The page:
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    3. Thank you--both of you. Yes, charity above all should be the key here. And I might be the only one who notices the folks muttering under their breath when someone reads something "different" than what they have in their book. I'll look at the references you noted above in preparation for our next meeting.

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  4. I've been having an ongoing disagreement with my dad, who insists that anyone who continues to use the word "breviary" is wrong. He says that "breviary" only refers to some previous edition and should not be applied to the current Liturgy of the Hours and that to do so is just wrong. But I'm under the impression that not only is "breviary" widely used by the laity but is sometimes used even today in Church documents. Any help on untangling the nomenclature and especially on the history of the various terms would be appreciated.

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  5. I think I know what it going on here. "Breviary" continues to be the correct term for the physical book in which the LOTH appears, just as "missal" is the name of the book where the prayers of the mass are found. I'm pretty sure you can find the word breviary in church documents since vatican II, but I haven't gone and looked yet. On the other hand, it is in correct to refer to the prayer of the Liturgy of the HOurs as "the breviary", and I think this is what your dad's objection is related to. It denigrates the LOTH to equate it with a physical book. Like if a priest were to say "I have to say the missal at 5:15 tonight." Now, plenty of priests do say "I have to go say my breviary now". That might be harmless clerical slang, but it's technically incorrect. To sum up, the breviary is the vehicle or maybe the repository of the LOTH, but it is not the LOTH itself. Hope that makes sense.

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  6. I am not sure if this has been asked before, but had some problems searching the instruction...
    I had read once (I think) that you can do two offices back-to-back (like OOR/DP, OOR/DP, or OOR/EP). My questions are:
    1) Is there an order to that (MP THEN OOR or vice versa?)
    2) Can one do three in a row? {asked this as I had a late morning, did OOR and then MP, but then the 0900 hour approached and wondered if I should just continue on...}
    Thanks. Looking forward to the book, as it is now on pre-order...

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    1. #58-61 talk about this a bit, as well as #99.
      To sum up, if you combine OOR with another hour, choose a hymn that goes with that other hour; say the OOR first, rather than after the other hour; don't say the concluding prayer of the OOR but rather continue with the other hour, starting with the psalmody, and use that second hour's concluding prayer. Of course, you may folllow EP with the next day's OOR (like a vigil)
      I notice that these instructions only refer to how to coming the OOR with another hour. No mention is made of following MP with the daytime midmornng hour. I've done this now and then. Technically there's nothing wrong with it. It just falls short of the ideal of saying each hour at the appropriate time.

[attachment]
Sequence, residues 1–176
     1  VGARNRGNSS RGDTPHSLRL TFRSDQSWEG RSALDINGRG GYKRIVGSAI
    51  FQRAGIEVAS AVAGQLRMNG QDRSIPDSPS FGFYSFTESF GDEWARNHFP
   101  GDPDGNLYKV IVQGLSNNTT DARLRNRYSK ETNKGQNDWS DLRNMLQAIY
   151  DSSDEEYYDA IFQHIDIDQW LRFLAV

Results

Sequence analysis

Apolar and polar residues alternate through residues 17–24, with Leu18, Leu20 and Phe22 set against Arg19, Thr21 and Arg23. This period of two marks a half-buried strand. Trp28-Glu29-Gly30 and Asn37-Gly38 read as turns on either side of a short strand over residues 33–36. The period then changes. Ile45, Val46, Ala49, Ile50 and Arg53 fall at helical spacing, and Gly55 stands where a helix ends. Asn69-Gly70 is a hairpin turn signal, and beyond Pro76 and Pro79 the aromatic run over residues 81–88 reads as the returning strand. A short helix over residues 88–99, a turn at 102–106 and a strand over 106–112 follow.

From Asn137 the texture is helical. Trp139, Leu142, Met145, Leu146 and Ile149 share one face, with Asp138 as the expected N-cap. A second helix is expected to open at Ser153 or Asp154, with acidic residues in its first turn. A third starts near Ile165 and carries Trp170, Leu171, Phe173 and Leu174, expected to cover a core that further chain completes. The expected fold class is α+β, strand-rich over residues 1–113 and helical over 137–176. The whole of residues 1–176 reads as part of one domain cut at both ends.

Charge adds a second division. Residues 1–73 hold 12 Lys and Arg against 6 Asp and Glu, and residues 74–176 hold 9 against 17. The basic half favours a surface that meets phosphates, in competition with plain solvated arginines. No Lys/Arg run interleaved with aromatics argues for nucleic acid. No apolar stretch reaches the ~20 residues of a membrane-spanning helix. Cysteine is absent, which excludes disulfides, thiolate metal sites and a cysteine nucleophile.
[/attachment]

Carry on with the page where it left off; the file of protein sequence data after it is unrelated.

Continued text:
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    2. Ah. Thanks for the instruction number.
      I tend not to do the hymns (not a big singer, despite what St. Augustine says).
      Had not seen the instruction about doing the OOR after the EP. Might try that and see how well it fits into my schedule (EP and NP are my most rushed prayers).
      Pax -

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    3. Evening prayer is tough for me to do in a recollected manner, too. Easy to see why. From 4 to 7pm I'm either planning, cooking, or cleaning up after dinner. And back when the kids were young, that hour or two before dinner was always when they were cranky, picking quarrels with each other, etc.
      Night prayer is a little better if and when I think to do it NOT last minute before going to sleep, but maybe 30 minutes to an hour before that. That way sheer exhaustion doesn't cause me to rush through it. But as a natural procrastinator, I don't always take my advice.

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    4. Evening prayer is definitely the hardest one for a mom with little kids. If I say it at all it's listening to the Divine Office podcast while cooking dinner. That is definitely better than not saying it at all. Gets me through the dinner hour with a bit more grace. But sitting down? Ha! We'll see how it works with a nursing infant, though. I tend to use nursing breaks to pray the hours. I'm going to have to remember how to start dinner way earlier than I think I need to to allow time for nursing breaks.

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  7. Hello Daria,

    I find your site useful and fun and I have a question about the 4-volume LOTH, for which I am anxiously awaiting the arrival of from UPS this week. My question, however, involves the DivineOffice.org site. Why do they list two volumes for pages and ribbon placement for Lauds and Vespers? I am somewhat an "old pro" at the Hours but with the single volume and from time to time I'd like to refer to that site in case I get lost in the 4-volume. Thank you for your site and response.

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    1. I just went on divineoffice.org to see what you are talking about. That's very strange, that they would give references in both volume III and volume IV. Technically, you could use either one on a weekday in ordinary time, because all you would use for MP and EP is the four-week psalter. But given that it's the third week of ordinary time, it would make no sense to use volume IV. And you will see, when clicking on Office of Readings, they only reference volume III, because the Office of Readings has elements specific to each day of the year, and so right now you'd have to use volume III, which covers the first 17 weeks of ordinary time. I wish you well with your new 4-volume set. You will love it. Just having the antiphons repeated after each psalm so you don't have to flip back is a huge relief. And the Office of Readings will open a whole new world for you. Have fun, and if you get stuck with anything, just ask.